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Saturday, 3 January 2009

Niko's story (Nίκο)

Most people who read Organically Cooked and One Day in Hania will have got to know my town quite well: a well-known tourist destination, packed with foreigners in the summer, with an abundance of agricultural activities in the winter. Many people call it a small paradise. If I were asked to add my 2c-worth, then I would say that it's a good place to stay attuned to nature and raise a family. People are very clan-oriented, and usually stick close to their work colleagues, relatives or fellow villagers. Apart from some materialistic goods that a consumer fanatic might claim not to be able to live without (eg shopping malls and McDonalds 'restaurants'), Hania lacks very little in the way of amenities. What it does lack (eg a well-stocked public library), it more than makes up for by its spectacular scenery; you can take a walk by the sea and find yourself atop a snowy mountain in less than an hour's drive. Maybe you can't eat at an Indian restaurant (you'll have to suffice with Chinese), but Hania is overflowing with the best extra-virgin olive oil in the world.

skidia fournes hania chania
An amazing winter's day in Hania; the snow-peaked mountain range of Lefka Ori above in Skidia, Fournes village.

But life was not always this good for everyone. In fact, it is only in the last 40 years that the people living in the villages of Hania have been able to live in conditions the western world takes for granted. What most of you reading this think of as basic needs - hot and cold running water, electricity, telephone lines, roads, basic transport - were simply a dream, unheard-of luxuries, for most Cretan villagers up until the mid-1970s.
People don't have to be very old in Hania to tell you about how difficult life was in the past. My mother's youngest brother is only 67 years old; he still finds it hard to believe that the world he grew up in has disappeared completely, its traces eradicated with the electricity poles and the cemented road that lead to the village of Kambi (Kambous in the accusative case), located on the foothills of the Lefka Ori (the White Mountains), where my mother's family were born and raised. It was just after Christmas Day when I caught up with him at the kafeneio of the village where he now lives.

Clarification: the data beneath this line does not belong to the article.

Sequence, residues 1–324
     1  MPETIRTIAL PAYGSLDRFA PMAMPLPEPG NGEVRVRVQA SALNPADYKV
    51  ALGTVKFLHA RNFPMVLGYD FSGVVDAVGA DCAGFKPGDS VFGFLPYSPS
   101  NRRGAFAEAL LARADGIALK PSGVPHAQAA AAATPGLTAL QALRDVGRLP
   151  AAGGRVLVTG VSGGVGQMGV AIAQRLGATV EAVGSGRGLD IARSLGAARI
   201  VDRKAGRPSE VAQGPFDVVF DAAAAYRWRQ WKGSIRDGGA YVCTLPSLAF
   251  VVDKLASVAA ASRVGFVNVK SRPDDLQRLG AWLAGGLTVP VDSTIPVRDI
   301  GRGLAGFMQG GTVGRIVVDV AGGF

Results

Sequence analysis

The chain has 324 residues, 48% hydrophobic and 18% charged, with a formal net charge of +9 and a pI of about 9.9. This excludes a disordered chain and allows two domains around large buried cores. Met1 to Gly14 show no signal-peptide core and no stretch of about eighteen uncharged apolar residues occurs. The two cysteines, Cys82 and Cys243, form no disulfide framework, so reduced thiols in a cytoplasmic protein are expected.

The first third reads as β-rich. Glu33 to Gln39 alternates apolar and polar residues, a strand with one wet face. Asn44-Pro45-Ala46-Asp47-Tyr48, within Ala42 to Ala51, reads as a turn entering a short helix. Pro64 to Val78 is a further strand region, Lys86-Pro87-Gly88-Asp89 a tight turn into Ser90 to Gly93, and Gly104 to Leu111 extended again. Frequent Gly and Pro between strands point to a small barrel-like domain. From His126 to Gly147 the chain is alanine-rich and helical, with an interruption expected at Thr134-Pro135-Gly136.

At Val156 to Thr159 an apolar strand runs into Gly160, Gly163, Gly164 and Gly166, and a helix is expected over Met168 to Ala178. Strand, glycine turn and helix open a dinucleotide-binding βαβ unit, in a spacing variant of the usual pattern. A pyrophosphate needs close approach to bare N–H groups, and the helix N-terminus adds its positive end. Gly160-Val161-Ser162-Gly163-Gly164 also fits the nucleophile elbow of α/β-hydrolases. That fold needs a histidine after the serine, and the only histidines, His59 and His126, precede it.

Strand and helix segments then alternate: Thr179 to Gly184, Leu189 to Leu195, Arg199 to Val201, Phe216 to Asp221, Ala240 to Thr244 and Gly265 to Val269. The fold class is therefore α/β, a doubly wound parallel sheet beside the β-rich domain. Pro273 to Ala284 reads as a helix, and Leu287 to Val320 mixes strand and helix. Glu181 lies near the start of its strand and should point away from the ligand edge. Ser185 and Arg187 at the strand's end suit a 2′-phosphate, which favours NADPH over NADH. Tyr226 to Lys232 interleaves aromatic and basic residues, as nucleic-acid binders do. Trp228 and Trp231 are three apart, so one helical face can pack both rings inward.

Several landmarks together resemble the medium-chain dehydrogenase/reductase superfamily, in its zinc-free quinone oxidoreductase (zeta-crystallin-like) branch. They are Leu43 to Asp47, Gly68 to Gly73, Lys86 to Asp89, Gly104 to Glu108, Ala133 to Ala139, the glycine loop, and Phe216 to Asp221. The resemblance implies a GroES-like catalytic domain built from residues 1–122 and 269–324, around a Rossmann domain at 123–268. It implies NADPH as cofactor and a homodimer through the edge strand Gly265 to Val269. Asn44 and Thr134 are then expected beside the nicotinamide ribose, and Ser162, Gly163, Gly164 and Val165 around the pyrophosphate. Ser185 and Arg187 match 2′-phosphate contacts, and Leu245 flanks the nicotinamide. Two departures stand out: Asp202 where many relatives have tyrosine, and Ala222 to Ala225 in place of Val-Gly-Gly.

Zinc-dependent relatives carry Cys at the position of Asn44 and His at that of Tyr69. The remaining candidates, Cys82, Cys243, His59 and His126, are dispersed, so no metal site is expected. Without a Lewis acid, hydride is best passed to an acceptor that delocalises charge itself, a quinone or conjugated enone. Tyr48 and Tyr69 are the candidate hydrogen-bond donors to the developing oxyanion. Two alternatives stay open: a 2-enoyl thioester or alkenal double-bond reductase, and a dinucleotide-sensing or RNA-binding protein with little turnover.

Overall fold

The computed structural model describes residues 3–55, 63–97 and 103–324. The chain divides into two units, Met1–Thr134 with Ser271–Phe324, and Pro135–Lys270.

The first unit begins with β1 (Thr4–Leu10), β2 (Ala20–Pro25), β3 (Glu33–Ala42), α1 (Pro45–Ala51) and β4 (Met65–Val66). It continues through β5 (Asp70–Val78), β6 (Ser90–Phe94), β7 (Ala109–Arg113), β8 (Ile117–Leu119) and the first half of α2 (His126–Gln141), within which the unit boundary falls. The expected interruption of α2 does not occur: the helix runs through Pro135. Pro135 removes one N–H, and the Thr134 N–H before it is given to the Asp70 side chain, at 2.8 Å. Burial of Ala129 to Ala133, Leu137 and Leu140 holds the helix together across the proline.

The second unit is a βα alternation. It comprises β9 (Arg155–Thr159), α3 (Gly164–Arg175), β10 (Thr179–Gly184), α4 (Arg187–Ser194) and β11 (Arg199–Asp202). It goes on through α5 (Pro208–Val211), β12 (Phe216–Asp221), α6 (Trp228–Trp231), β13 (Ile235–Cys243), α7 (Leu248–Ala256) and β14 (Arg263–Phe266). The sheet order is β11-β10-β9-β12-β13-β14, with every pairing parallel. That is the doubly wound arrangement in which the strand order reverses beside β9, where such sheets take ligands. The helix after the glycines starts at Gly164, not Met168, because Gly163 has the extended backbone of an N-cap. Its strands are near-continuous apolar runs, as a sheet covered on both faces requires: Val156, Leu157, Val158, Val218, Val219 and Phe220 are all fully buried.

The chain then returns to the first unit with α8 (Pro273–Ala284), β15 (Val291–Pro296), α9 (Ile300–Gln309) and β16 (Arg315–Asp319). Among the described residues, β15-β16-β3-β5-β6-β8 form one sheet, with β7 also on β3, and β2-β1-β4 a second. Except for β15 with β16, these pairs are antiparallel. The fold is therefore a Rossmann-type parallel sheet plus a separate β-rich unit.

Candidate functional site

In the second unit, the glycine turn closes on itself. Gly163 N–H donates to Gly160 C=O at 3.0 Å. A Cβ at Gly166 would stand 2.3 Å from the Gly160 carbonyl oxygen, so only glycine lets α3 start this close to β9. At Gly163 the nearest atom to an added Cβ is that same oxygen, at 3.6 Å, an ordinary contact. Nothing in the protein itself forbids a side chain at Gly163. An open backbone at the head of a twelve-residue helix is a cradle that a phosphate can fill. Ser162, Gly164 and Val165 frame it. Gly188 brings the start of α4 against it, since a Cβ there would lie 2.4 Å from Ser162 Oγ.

He asked me what I would like to drink. Since we were the only customers in the kafeneio, the heating hadn't been turned on. I decided to order a tsikoudia to warm myself up, as it was very cold that day (well, 5 degrees Celsius is very cold for Hania).

"It's really cold today, isn't it, Thio?"

"Cold? You've got no idea what cold is. Kambous is now covered in snow. Down here, it's only cold for a few days, then it fines up again, and it snows once in a blue moon. In any case, no one walks barefoot these days. We never had shoes when we were young, and we had to walk from home to school and back again in the snow, and when the church bell rang after lunch, we walked back to school because school was held BOTH in the morning AND in the afternoon then, not like now, when it's only in the morning, and the kids are playing in the yard most of the time. As soon as school was over, we'd have to go and help our parents in whatever jobs needed doing at the time, be it finding horta, looking for snails, harvesting wheat, or picking olives. Even if we did have homework from school, we couldn't do it, because we only had a piece of chalk and a grey stone slate to write on, not pencils and notebooks, so we only learnt what was taught in the classroom, we couldn't practice writing at home. And even if we did have paper and pencils, we had no light, except the dim glow from what came out of the lichno (lichnos, lichnari, lichnaraki: oil lamp), which we lit with a spiky flower that looks a little like malotira tea, burning in some olive oil...